Friday, September 7, 2018

Shakespeare’s Greatest Musicals: ‘Bid me discourse’

Funny the things that cross your mind, at cocktail time on a Thursday, while watching the sun go over the pink horizon …

Shakespeare. Yes, he. Willie. With whom I have never been able wholly to get to grips. Perhaps seven years of age was too soon to try to get into the plays. I did try. And the results were half-fig, half-raisin. I mean, no one cannot love A Midsummer Night’s Dream. And I played Prince John in half of Henry IV as a teenager. But I failed English II, aged 18, for pointing out to my tutor, in a typical Kurt essay, what I perceived as the faults in As You Like It. And A Winter’s Tale at the RSC would have sent me to sleep, except that I was there ‘officially’. However, my brother finds it one of the best Shakespeare plays. So, maybe it’s me. Anyhow, Willie is enshrined as a – even THE -- Theatrical Monument, and who am I to think, quietly, that he nodded much more often than is admitted.

When you are a Literary Monument, these days, and your copyright is flown, you can suffer from the most awful fate known to creative man. Your works get ‘musicalised’. Some authors escape this treatment. Balzac (give or take The Music Man) has somehow got away clean. His (my opinion, again) English and not-nearly-as-good equivalent, Mr Dickens, has not: but only at the price of some kiddie routines. And, oh Lord! Does anyone else remember ‘It is a far, far better thing that I do now than I have ever done’ Dum dum dum. At London’s Palace Theatre. Victor Hugo drew lucky with Les Misérables at the same theatre, but has been plunged into more ghastly hunchbacked musicals than  I could count …

Which brings us to Willie. In my Encyclopaedia of the Musical Theatre I listed a large bundle of the failed attempts to musicalise (as opposed to operaticise) the works of Willie. What a dispiriting list it is! I don’t mean things like West Side Story which only use one idea and plot element from one play. I mean a genuine attempt to make a musical or light opera out of a straight, real, Willie-play. Like they did to make the unjustly neglected Lock up Your Daughters from Fielding’s Rape upon Rape.In period, in style – not in white face with balloons and motorbikes – well, I’m thinking! I’ve just re-read my own article …

But, oh damn. In that article, I missed the best and most effective musical-theatre Shakespeare works ever! Why? Because I didn’t look back far enough in time … 

In 1819, 1820 and 1821, the Theatre Royal, Covent Garden, put on their usual diet of ‘opera’ and plays. Shakespeare, as ever, much featured. But this season, they decided to add a full score of music, mainly for the benefit of the theatre’s vocal stars Maria Tree and Kitty Stephens, to each of the plays. Which meant, of course, a wee slimming of the bulging text …  House music-director, Henry Bishop, was put to the job of composing and arranging the music and, typically, he composed more than he arranged. Rightly so! The results were splendid.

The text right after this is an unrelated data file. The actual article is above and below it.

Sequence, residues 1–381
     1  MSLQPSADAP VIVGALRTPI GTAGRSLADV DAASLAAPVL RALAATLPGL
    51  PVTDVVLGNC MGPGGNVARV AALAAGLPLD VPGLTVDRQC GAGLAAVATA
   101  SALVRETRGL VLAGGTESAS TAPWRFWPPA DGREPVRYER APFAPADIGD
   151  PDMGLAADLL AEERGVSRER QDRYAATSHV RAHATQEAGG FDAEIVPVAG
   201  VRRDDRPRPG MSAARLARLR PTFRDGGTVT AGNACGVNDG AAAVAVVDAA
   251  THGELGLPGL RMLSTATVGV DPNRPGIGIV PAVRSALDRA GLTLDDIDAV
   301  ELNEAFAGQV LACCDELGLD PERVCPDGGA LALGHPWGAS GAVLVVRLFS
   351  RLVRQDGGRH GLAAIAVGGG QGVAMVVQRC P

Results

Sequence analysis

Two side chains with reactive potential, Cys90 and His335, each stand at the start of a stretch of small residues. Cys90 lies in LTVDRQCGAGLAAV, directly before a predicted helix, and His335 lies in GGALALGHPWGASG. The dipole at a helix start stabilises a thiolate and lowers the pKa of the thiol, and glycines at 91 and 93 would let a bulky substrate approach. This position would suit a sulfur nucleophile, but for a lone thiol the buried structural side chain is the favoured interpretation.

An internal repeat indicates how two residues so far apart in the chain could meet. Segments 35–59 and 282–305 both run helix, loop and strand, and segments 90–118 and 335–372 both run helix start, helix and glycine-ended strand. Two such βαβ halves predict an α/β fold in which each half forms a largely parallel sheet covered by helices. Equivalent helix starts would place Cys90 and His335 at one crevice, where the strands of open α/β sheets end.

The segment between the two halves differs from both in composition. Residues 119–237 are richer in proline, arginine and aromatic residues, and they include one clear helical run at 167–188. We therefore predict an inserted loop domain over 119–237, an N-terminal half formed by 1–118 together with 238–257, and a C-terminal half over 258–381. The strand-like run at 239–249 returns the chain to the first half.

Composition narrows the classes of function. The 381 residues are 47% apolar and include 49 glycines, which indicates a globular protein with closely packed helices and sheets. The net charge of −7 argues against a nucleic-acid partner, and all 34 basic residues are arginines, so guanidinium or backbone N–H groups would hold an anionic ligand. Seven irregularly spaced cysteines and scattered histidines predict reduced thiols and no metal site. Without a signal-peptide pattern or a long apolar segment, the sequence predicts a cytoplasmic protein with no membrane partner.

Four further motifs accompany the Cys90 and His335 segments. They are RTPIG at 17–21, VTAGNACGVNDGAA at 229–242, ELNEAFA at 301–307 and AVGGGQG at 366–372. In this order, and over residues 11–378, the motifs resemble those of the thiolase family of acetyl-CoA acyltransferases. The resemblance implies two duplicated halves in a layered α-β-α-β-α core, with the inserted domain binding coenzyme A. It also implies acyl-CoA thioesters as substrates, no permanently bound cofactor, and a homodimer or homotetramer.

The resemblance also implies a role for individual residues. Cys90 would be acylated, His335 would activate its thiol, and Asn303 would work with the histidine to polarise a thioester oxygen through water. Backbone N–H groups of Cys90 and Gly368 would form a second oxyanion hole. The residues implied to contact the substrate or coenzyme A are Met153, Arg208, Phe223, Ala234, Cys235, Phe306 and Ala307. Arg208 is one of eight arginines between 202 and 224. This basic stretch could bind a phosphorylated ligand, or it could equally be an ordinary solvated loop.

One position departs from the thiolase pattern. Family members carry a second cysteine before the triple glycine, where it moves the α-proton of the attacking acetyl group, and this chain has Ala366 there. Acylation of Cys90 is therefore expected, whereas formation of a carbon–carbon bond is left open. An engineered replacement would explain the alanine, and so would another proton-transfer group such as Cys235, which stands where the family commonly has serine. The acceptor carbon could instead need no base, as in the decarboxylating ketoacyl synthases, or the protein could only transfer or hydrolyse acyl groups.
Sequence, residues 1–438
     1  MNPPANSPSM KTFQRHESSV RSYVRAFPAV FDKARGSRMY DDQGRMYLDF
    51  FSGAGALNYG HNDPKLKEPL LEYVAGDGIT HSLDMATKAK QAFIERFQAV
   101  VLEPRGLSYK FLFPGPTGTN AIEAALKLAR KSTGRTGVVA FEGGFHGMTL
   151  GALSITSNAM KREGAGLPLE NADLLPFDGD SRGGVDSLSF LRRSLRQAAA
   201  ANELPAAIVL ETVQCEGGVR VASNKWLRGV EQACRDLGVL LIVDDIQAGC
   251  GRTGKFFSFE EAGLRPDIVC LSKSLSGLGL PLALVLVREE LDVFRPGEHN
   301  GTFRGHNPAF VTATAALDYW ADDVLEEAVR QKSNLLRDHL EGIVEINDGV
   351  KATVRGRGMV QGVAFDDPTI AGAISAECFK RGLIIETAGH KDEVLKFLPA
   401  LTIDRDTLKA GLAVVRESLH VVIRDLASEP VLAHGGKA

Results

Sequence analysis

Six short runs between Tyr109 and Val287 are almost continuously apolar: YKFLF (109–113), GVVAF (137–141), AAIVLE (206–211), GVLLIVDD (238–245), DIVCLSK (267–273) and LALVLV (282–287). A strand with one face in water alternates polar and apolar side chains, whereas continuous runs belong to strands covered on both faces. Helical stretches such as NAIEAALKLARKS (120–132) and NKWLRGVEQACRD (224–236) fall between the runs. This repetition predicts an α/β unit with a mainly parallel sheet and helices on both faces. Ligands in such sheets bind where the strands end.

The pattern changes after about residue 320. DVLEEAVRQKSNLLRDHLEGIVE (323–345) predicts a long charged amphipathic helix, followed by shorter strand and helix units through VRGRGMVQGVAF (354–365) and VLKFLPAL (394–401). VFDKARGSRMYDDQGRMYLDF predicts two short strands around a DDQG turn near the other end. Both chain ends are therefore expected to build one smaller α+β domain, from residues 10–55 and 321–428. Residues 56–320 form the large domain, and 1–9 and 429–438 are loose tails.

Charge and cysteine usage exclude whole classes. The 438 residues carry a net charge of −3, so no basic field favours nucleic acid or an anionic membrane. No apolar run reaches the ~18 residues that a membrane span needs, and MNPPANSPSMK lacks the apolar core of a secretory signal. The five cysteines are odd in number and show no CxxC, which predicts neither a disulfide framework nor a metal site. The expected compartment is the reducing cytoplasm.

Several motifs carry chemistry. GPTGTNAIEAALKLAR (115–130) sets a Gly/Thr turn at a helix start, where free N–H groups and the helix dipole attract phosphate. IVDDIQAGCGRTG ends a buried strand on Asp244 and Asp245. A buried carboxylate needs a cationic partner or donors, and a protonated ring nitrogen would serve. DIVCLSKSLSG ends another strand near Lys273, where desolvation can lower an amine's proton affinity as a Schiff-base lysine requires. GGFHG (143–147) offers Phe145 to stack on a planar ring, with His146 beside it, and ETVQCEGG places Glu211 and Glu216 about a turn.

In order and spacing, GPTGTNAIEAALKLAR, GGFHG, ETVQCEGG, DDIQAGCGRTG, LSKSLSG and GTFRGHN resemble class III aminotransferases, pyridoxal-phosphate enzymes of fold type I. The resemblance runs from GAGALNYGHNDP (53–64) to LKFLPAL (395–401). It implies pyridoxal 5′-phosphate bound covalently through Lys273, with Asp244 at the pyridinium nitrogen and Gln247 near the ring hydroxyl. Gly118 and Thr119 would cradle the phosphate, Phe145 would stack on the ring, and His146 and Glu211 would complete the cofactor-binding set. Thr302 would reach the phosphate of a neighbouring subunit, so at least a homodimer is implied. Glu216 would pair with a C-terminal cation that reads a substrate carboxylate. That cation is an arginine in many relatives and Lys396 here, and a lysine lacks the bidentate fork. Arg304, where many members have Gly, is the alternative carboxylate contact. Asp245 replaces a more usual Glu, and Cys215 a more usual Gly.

The Comedy of Errors was the first to get the treatment (11 December 1819). I don’t have the text, but the critics basically said that they thought that the more of the play that was cut out, the better. ‘We cannot conceive that Shakespeare wrote this play with any satisfaction …’. But it went down well. Bishop’s settings of Shakespeare’s poetry, as sung by the duo of divas, caught the town. I have eleven titles, doubtless there were more, that were slipped into the text, but they include ‘Take, o take those lips away’ (from Measure for Measure), ‘As it fell upon a day’, ‘It was a Lover and his Lass’ (from As You Like It), ‘Come live with me and be my love’, ‘Lo, here the gentle lark’. 

The favourite numbers headed, in their newest shape, for a thousand cottage pianos and endless concerts. Details to be found in Christopher’s Wilson’s new book, Shakespeare and Music.

The recipe was obviously worth following up, and on 20 November 1820 Covent Garden opened their new production of Twelfth Night with a grand cast (Viola: Maria Tree, Olivia: Miss Greene quickly replaced by Emma Love, Malvolio: William Farren) and one helluva score. Miss Tree’s best solo, ‘Bid me discourse’, was a singular triumph, and became a soprano standard for a century. 

Twelfth Night was followed up by The Two Gentlemen of Verona, with Miss Tree as Julia. And with two more major hit songs: ‘Should he upbraid’ and a version of sonnet 26 ‘When in disgrace with fortune’, as well as ‘Full many a glorious morning’ and ‘O how much more’..

There’s actually a very stilted and antiquated version of ‘Upbraid’ on youtube, sung by Frieda Hempel. A new one would be an improvement. Or maybe Melba’s ‘Discourse’?

Covent Garden’s productions were vastly successful, and they launched their ‘hit show tunes’ all round the world. Songs that would survive a century as concert items and theatrical interpolations, until tastes and modes in vocal music changed, and the bravuras of Bishop, Arne and co gave way to more modish bravuras, from ‘Mein Herr Marquis’ to ‘Glitter and be gay’.

It will be exactly two centuries very soon, since these huge hit versions of Shakespeare’s plays, with music by an internationally celebrated English composer, were first produced. I’d love to see the UK National Theatre or the RSC restage them, to mark the event … or maybe even Covent Garden. Back where they were born 200 years ago … 

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